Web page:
To fully assess the energy savings, the researchers will have to accurately account for the power needed by the blowing system, which will cut into the fuel savings. And other practical issues – such as protecting the pneumatic surfaces from damage during docking – still must be resolved, though that effort is already underway.

Beyond boosting fuel efficiency, the pneumatic system can also provide a form of aerodynamic braking to assist the mechanical brakes. “Using the pneumatic systems, you can turn a low-drag configuration into a high-drag configuration in a very rapidly, giving you a lot more braking power,” Englar said.

Differential blowing could also improve control of trailers in crosswinds by helping compensate for the wind direction. “This would allow you to have the blown equivalent of an airplane rudder on the trailer, without any physical additions,” he explained. “Beyond increasing fuel efficiency, the pneumatic system could be a drag reducer, drag increaser, safety factor and a stabilizing device.”

Both the improved braking and directional control could be part of an automated system that would not require special attention from drivers.

Further energy savings could come using a pulsed pneumatic system, which preliminary wind-tunnel studies on wings have shown could produce the same aerodynamic efficiency with less energy consumed by the blowing system. Englar hopes to get further funding to study how this might affect the truck aerodynamics – as well as fuel consumption.

“Our suspicion is that by using pulsed blowing, you could reduce the blowing system’s fuel requirements by about half to three-quarters,” he said. “This would reduce the penalty for running this kind of a blown system.”


Story Source:

The above story is based on materials provided by Georgia Institute Of Technology. Note: Materials may be edited for content and length.


Cite This Page:

Share This



More Matter & Energy News

Wednesday, October 1, 2014

Featured Research

from universities, journals, and other organizations


Featured Videos

from AP, Reuters, AFP, and other news services

US Police Put Body Cameras to the Test

US Police Put Body Cameras to the Test

AFP (Oct. 1, 2014) Police body cameras are gradually being rolled out across the US, with interest surging after the fatal police shooting in August of an unarmed black teenager. Duration: 02:18 Video provided by AFP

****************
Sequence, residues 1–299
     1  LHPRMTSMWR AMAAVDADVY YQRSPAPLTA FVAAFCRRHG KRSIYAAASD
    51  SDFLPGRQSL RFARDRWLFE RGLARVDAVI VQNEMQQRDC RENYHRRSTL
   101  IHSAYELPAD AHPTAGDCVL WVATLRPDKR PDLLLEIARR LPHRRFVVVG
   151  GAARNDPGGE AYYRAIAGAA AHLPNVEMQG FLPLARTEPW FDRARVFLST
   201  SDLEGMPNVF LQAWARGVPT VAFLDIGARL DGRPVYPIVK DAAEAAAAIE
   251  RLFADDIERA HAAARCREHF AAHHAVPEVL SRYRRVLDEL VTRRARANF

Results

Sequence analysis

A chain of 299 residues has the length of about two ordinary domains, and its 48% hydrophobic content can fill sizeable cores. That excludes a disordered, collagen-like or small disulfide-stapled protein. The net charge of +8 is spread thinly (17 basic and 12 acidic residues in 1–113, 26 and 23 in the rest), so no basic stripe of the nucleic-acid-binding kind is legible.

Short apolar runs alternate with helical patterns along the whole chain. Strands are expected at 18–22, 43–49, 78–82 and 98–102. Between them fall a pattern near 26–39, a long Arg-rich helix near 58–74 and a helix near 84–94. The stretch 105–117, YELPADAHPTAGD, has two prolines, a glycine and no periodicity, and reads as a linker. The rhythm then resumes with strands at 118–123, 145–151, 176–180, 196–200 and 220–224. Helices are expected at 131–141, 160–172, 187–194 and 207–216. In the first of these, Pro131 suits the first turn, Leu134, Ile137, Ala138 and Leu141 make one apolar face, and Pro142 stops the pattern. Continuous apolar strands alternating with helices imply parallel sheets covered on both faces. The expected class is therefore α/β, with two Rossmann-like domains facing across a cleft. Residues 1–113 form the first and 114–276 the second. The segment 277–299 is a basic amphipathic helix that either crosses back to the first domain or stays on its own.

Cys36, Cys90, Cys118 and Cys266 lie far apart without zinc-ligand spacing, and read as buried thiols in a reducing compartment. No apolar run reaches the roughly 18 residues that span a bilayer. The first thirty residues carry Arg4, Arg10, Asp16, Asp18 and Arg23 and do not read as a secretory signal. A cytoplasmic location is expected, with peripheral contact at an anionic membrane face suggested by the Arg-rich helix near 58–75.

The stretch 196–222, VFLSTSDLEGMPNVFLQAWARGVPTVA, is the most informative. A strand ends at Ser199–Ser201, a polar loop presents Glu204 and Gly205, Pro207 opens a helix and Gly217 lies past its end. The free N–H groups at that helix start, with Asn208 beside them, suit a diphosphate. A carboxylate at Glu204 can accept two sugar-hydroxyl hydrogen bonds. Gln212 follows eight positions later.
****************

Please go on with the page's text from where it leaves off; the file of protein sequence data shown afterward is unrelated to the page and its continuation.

Powered by NewsLook.com
Raw: Japan Celebrates 'bullet Train' Anniversary

Raw: Japan Celebrates 'bullet Train' Anniversary

AP (Oct. 1, 2014) A ceremony marking 50 years since Japan launched its Shinkansen bullet train was held on Wednesday in Tokyo. The latest model can travel from Tokyo to Osaka, a distance of 319 miles, in two hours and 25 minutes. (Oct. 1) Video provided by AP
Powered by NewsLook.com
Robotic Hair Restoration

Robotic Hair Restoration

Ivanhoe (Oct. 1, 2014) A new robotic procedure is changing the way we transplant hair. The ARTAS robot leaves no linear scarring and provides more natural results. Video provided by Ivanhoe
Powered by NewsLook.com
Argentina's Tax Evaders Detected, Hunted Down by Drones

Argentina's Tax Evaders Detected, Hunted Down by Drones

AFP (Sep. 30, 2014) Argentina doesn't only have Lionel Messi the footballer, it has now also acquired "Mesi" the drone system which monitors undeclared mansions, swimming pools and soy fields to curb tax evasion in the country. Duration: 01:18 Video provided by AFP
Powered by NewsLook.com

Search ScienceDaily

Number of stories in archives: 140,361

Find with keyword(s):
Enter a keyword or phrase to search ScienceDaily for related topics and research stories.

Save/Print:
Share:

Breaking News:

Strange & Offbeat Stories


Space & Time

Matter & Energy

Computers & Math

In Other News

... from NewsDaily.com

Science News

Health News

Environment News

Technology News



Save/Print:
Share:

Free Subscriptions


Get the latest science news with ScienceDaily's free email newsletters, updated daily and weekly. Or view hourly updated newsfeeds in your RSS reader:

Get Social & Mobile


Keep up to date with the latest news from ScienceDaily via social networks and mobile apps:

Have Feedback?


Tell us what you think of ScienceDaily -- we welcome both positive and negative comments. Have any problems using the site? Questions?
Mobile: iPhone Android Web
Follow: Facebook Twitter Google+
Subscribe: RSS Feeds Email Newsletters
Latest Headlines Health & Medicine Mind & Brain Space & Time Matter & Energy Computers & Math Plants & Animals Earth & Climate Fossils & Ruins